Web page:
Activists: Children At Risk From Pesticides
Proposed Legislation Would Expand Ban On Use Of Chemicals On School Fields
A lawn or playing field treated with chemical pesticides is like a grass "rug on drugs" that endangers children's health, Dr. Jerome Silbert, a pathologist turned environmental activist said Wednesday at a news conference intended to build support for legislation that would ban pesticides from school grounds.
Children face greater risk from the pesticides because they are still growing and because they have lower body weights and higher respiratory rates than adults, Silbert said.
Speaking on a busy day at the Legislative Office Building, Silbert was joined by other medical experts, as well as representatives of environmental groups, the Connecticut Parent Teacher Association, the Connecticut Nurses Association and sponsors of two different pesticide bills.
Together they would extend an existing pesticide ban - which now applies only to elementary schools - to middle schools and high schools. Connecticut is the only state to have such a ban, Silbert said.
State Sen. Edward Meyer, D-Guilford, a sponsor of one of the bills, said they are opposed mainly by the pesticide industry and groundskeepers who doubt the effectiveness of organic substitutes.
Meyer praised Silbert and Nancy Alderman, a well-known Connecticut environmentalist, for raising awareness of the pesticide dangers. "This is the Bible," Meyer said, holding up "Risks from Lawn-Care Pesticides," a 2003 report published by Alderman's nonprofit Environment and Human Health organization.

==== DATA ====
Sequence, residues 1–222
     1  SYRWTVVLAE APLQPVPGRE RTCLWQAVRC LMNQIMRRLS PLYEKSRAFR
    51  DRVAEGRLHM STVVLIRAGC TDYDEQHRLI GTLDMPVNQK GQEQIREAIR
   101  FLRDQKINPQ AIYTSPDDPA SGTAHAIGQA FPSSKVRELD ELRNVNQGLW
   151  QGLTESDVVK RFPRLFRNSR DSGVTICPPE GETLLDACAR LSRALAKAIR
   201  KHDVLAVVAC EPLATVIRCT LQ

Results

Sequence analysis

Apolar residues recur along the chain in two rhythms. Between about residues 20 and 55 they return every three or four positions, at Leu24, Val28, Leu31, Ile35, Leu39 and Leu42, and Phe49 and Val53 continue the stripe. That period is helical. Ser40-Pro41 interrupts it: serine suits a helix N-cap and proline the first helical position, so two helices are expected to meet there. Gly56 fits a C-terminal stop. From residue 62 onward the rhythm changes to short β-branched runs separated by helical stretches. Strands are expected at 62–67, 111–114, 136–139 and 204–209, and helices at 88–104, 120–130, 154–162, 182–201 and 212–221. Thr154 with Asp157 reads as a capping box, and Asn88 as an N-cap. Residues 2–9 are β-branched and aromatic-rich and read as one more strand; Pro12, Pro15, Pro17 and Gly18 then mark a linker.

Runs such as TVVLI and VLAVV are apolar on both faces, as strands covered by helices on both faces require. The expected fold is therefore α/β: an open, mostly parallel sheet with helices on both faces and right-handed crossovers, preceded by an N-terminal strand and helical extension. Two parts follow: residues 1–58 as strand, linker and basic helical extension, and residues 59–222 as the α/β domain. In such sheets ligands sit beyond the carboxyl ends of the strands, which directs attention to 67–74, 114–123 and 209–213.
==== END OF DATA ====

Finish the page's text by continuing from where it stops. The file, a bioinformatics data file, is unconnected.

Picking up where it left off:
Dr. Robert LaCamera, a professor of pediatrics at the Yale School of Medicine, also held up the report when asked which cancers are associated with chemical pesticides. He read off a list: childhood leukemia, soft tissue sarcomas, cancers of the brain and testes, non-Hodgkin's lymphoma.
LaCamera cited a 1997 Minnesota study that found pesticide traces in more than 90 percent of urine samples taken from children between 3 and 13 years old.
"If you can find detectable levels in urine it means it's almost universal," he said. Many practicing pediatricians "don't understand there is an epidemic of pesticides in the bodies of most children in this country."
Alderman said the proposed bills allow a three-year transition period for school playing fields to be "weaned" off chemical pesticides.
Bill Duesing, Connecticut director of the Northeast Organic Farming Association, said the underlying soil needs to be restored in fields treated with chemicals. "A good analogy is to put some money into rehab rather than spend a lifetime buying drugs," he said.
The news conference was called by Silbert's organization, The Watershed Partnership, and the Coalition for a Safe and Healthy Connecticut.
Also Wednesday, one of the coalition members, the Toxics Action Center, published a new report giving a town-by-town listing of the hundreds of hazardous waste and pollution sites in Connecticut.
Sylvia Broude, an author of the report, said it is intended to alert residents to toxic dangers near them and so they can take action to protect themselves. One section of the 45-page report warns about pesticides.
The full report, including newly detailed maps of hazardous sites, can be accessed at www.toxicsaction.org.
Contact Joel Lang at firstname.lastname@example.org.
Copyright 2007, Hartford Courant